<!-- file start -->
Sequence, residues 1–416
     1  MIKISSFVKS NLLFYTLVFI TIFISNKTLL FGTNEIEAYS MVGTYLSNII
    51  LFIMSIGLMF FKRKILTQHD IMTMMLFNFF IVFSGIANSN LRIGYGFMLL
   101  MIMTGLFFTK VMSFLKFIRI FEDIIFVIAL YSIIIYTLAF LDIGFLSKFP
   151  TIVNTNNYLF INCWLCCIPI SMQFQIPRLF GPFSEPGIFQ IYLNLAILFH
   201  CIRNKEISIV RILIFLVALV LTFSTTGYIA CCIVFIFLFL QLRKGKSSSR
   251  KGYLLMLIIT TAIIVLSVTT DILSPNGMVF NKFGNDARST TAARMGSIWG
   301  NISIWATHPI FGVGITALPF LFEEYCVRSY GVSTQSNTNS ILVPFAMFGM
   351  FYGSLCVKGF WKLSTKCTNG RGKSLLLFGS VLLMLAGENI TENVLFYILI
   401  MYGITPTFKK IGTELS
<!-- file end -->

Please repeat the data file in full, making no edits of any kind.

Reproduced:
Sequence, residues 1–416
     1  MIKISSFVKS NLLFYTLVFI TIFISNKTLL FGTNEIEAYS MVGTYLSNII
    51  LFIMSIGLMF FKRKILTQHD IMTMMLFNFF IVFSGIANSN LRIGYGFMLL
   101  MIMTGLFFTK VMSFLKFIRI FEDIIFVIAL YSIIIYTLAF LDIGFLSKFP
   151  TIVNTNNYLF INCWLCCIPI SMQFQIPRLF GPFSEPGIFQ IYLNLAILFH
   201  CIRNKEISIV RILIFLVALV LTFSTTGYIA CCIVFIFLFL QLRKGKSSSR
   251  KGYLLMLIIT TAIIVLSVTT DILSPNGMVF NKFGNDARST TAARMGSIWG
   301  NISIWATHPI FGVGITALPF LFEEYCVRSY GVSTQSNTNS ILVPFAMFGM
   351  FYGSLCVKGF WKLSTKCTNG RGKSLLLFGS VLLMLAGENI TENVLFYILI
   401  MYGITPTFKK IGTELS